Wells in movie 'Paradise'
BY CECELIA CAMPBELL-LIVINGSTON Observer reporter firstname.lastname@example.org
FILM-MAKER Mary Wells may be a happy woman after her movie, Kingston Paradise, won the Festival Programmers Award — Narrative Feature at last Sunday's Pan American Film Festival in Baldwin Hills, California.
However, she is quick to point out "there were no giddy, childlike emotions."
For Wells, making movies is serious business.
"One makes a film and must enter international film festivals for marketing and publicity purposes and (if lucky) for distribution possibilities," she said. "Today, most film festivals are 'trade fairs'; it's an important platform to get your work out there and be seen and recognised."
Kingston Paradise was nominated alongside films from the United States and South Africa.
For Wells, Kingston Paradise, which stars Christopher Daley, Munair Zacca, Camille Small and Gregory Nelson, earned the judges respect because of its story and power of the characters.
"They make the film, it's powerful because of them. The story, while simple and not unfamiliar is far more than meets the eye," she reasoned. "And I am truly grateful , that an International jury and audience understood the story. And really understood the film. And most of all, understood an important black film from the developing world and from the Caribbean."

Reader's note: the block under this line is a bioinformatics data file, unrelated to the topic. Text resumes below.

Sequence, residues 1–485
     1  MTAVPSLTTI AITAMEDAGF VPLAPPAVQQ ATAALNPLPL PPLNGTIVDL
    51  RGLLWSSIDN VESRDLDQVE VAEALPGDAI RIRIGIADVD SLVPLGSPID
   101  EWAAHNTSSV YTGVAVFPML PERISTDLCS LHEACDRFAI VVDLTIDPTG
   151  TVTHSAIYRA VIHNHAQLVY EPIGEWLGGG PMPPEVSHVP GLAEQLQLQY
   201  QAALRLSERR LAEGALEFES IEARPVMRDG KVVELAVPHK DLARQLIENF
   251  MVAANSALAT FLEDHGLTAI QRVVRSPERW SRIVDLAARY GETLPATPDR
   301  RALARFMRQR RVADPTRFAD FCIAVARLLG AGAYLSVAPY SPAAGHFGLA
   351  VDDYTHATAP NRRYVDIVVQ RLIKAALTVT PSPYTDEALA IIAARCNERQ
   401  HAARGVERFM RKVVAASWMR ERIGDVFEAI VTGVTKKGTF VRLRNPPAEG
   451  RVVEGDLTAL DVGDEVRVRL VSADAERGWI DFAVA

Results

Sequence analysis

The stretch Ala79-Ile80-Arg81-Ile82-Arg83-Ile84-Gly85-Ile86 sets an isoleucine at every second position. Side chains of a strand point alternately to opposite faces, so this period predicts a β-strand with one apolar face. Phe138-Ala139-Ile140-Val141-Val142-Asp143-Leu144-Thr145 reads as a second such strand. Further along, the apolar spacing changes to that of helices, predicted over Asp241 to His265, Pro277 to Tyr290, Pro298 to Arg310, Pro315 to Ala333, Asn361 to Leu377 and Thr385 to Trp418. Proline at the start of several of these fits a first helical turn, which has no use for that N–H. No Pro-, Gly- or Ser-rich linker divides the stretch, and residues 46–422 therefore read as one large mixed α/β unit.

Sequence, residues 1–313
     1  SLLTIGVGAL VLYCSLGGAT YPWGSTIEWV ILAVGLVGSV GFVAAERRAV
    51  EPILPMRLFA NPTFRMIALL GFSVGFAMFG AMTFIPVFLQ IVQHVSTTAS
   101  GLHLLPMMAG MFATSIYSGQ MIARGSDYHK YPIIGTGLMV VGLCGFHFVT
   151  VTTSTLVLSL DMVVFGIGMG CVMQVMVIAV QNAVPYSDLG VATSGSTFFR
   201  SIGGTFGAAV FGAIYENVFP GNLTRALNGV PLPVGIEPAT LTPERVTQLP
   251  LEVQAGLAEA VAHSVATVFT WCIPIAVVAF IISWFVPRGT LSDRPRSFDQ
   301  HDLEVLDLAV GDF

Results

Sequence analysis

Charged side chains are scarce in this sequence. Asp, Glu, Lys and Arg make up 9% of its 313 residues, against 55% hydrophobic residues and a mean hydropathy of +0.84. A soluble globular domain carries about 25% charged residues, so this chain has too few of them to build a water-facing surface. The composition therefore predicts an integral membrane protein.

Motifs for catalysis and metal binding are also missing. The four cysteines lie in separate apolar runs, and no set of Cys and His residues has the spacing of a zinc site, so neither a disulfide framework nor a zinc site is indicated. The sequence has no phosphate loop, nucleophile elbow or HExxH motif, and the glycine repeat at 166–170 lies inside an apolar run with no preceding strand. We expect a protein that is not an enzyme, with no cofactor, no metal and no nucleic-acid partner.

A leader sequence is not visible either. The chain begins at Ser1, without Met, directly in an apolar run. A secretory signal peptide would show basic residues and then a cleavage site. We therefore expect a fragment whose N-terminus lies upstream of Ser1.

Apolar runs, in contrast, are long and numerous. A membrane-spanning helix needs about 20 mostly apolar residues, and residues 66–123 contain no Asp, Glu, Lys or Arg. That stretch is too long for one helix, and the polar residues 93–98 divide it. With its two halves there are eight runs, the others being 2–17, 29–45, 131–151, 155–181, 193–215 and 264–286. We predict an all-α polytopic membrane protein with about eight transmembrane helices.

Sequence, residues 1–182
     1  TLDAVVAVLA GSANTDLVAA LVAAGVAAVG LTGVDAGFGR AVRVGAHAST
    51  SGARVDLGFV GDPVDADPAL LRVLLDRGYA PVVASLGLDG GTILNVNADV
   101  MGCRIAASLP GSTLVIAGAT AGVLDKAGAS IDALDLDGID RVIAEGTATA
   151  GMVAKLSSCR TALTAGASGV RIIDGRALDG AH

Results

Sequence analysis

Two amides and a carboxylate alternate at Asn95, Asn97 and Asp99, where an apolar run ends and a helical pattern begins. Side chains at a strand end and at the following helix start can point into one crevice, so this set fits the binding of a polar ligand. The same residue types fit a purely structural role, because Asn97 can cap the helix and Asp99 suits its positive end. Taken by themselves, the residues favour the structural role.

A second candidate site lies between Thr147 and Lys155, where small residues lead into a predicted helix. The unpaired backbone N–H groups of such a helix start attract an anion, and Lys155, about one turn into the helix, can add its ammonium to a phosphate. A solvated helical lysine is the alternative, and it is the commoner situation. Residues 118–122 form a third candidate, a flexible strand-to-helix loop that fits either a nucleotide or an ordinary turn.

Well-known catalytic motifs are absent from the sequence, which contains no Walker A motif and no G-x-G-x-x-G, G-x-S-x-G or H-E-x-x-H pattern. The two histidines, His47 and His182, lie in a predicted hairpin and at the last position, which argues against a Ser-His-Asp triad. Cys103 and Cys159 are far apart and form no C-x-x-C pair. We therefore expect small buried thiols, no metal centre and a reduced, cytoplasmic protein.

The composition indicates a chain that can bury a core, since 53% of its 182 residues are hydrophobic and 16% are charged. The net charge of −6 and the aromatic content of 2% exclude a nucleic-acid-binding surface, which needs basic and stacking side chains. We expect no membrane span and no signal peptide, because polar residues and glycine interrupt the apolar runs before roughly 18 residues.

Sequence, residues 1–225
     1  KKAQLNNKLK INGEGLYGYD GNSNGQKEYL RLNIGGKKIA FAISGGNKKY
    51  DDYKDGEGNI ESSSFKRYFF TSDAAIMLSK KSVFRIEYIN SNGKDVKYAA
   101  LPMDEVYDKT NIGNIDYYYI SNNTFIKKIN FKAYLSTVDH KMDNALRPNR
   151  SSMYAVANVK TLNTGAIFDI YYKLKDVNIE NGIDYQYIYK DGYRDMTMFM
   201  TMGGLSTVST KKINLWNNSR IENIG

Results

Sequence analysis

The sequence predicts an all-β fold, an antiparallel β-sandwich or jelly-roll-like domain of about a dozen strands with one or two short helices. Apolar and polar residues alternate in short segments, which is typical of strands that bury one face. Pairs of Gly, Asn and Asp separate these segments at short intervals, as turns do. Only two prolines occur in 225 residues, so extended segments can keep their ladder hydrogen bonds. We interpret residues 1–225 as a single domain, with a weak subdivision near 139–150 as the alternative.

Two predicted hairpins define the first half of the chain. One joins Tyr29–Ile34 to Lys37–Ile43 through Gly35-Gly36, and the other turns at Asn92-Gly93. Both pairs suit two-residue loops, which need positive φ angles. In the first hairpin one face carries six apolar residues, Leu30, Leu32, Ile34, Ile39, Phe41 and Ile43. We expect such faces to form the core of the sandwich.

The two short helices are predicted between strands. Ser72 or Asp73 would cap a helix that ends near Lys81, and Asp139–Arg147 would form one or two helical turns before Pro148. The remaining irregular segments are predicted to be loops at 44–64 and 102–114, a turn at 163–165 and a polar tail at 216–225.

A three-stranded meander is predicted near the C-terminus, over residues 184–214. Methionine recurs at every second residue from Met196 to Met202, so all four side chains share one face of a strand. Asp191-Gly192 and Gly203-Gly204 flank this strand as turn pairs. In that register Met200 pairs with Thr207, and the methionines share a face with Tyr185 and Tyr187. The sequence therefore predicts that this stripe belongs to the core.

Filmed entirely in downtown Kingston, Kingston Paradise is centred on Rocksy, a taxi driver who survives the edgy streets of the Jamaican capital by 'hustling and pimping'.
With his prostitute Rosie and friend Malt, he dreams of making it big and enjoying the laid-back Caribbean lifestyle.
To critics who are weary of the 'gritty ghetto stories and images' out of Jamaica, Wells says film-makers must respond to their environment.
Born in Kingston, Wells was trained in the United States and has over 20 years in the film industry under her belt. While she believes the Jamaican film industry is 'alive' the jury is still out on whether it is well.
"Structures need to be put in place on a national level to develop a local industry. And that means we'd have to be serious," she said. "At the moment, people like me are operating in a vast sea or desert, absolutely alone, in a 'hit or miss' situation."